In 1982 Sarah came to Champaign-Urbana with husband Charlie, who had just completed his residency in pathology at Duke University. She worked for several years as a curator at the World Heritage Museum before moving to the ATAM (Ancient Technologies and Archaeological Materials) program, an interdisciplinary research unit at the University of Illinois, now part of the Illinois State Archaeological Survey. As director, she works with faculty and graduate students involved with research that "helps scholars reconstruct the history of objects and the people who made them."
Sarah and Charlie's two children, Nick and Emily, are both teachers, and Nick is also a fiction writer. Charlie, now retired and an OLLI member, is pursuing his own avocation as a mixed media artist. Sarah also paints, "for mental refreshment" she says. Charlie and Sarah are looking forward to the OLLI Alaska trip this summer. Might it inspire a new mystery?
For more about Sarah, see her web site: "Sarah Wisseman Mystery Author and Archeologist"
Profile: Kathleen Holden
It doesn't happen very often, but every once in a while the stars align and experience, interest and passion come together to bring a vision to reality. Perhaps it was serendipity, maybe it was fate. Call it what you will, but it is obvious that Kathleen Holden was the ideal person, uniquely qualified to create and set in motion the OLLI program at the University of Illinois.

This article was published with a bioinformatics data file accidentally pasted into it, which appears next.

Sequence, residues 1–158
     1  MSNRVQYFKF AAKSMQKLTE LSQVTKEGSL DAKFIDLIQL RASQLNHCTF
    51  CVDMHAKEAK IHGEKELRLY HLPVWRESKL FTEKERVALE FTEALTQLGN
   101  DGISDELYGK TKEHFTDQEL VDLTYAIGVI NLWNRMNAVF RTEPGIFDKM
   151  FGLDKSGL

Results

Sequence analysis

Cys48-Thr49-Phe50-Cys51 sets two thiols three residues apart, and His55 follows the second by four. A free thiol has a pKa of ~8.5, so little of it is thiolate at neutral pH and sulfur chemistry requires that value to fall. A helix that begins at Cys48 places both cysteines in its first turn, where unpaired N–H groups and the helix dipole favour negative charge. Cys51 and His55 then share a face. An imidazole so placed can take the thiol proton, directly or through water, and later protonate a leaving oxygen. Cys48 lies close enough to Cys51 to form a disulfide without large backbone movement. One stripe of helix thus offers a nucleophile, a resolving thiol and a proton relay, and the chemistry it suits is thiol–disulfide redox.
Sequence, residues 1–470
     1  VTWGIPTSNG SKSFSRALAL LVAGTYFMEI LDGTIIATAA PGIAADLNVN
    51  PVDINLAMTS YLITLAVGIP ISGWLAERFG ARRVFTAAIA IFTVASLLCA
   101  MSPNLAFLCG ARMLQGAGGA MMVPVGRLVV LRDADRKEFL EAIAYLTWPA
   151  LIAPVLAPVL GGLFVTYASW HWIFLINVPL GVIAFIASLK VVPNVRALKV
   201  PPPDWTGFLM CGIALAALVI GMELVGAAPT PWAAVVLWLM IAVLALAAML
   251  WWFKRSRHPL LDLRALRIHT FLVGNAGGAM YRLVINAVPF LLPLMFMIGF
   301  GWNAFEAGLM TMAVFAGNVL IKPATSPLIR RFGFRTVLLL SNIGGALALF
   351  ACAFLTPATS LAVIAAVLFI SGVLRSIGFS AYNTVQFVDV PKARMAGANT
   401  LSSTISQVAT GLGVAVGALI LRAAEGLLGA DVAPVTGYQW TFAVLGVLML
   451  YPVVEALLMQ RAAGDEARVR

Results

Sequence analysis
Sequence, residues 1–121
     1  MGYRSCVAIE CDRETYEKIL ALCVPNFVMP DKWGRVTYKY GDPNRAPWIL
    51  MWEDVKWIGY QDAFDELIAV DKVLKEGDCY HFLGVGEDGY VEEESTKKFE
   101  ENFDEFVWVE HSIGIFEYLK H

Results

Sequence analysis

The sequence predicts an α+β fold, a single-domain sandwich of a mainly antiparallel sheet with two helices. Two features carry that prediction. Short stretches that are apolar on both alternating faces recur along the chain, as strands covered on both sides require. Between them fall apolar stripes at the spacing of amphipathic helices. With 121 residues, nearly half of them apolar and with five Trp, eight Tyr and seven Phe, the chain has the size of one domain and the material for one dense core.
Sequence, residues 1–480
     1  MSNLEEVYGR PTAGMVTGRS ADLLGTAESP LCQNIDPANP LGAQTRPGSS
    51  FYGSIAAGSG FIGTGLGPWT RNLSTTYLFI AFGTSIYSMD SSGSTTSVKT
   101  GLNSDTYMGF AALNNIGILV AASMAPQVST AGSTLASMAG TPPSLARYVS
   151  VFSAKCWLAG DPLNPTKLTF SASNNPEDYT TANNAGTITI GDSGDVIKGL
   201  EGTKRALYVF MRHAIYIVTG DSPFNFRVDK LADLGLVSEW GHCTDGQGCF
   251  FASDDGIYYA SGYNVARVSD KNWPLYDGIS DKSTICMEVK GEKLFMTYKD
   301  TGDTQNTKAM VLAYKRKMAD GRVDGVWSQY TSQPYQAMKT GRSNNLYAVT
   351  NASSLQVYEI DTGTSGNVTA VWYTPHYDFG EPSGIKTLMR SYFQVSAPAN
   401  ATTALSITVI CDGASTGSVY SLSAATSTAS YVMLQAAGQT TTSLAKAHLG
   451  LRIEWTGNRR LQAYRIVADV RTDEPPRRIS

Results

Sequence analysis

But let's first go back a few years. Kathleen started on the road to all of this as a non-traditional student, starting college at age 27, already the mother of two young children. "I sat in that first classroom," she says, "and the sensation I had was physical. I hadn't realized how much I missed the sheer pleasure of learning. And there I was, feeling as if I was taking a drink of water after being thirsty for so long. This excitement at the chance to learn was palpable."
Learning and creating programs--those activities have been at the core of Kathleen's career. After earning bachelor and master degrees in social work, she was hired immediately by Planned Parenthood to develop an interagency prenatal program for low-income women. She worked with area agencies and providers and created a successful program that is still operational today and run by the Frances Nelson Health Center.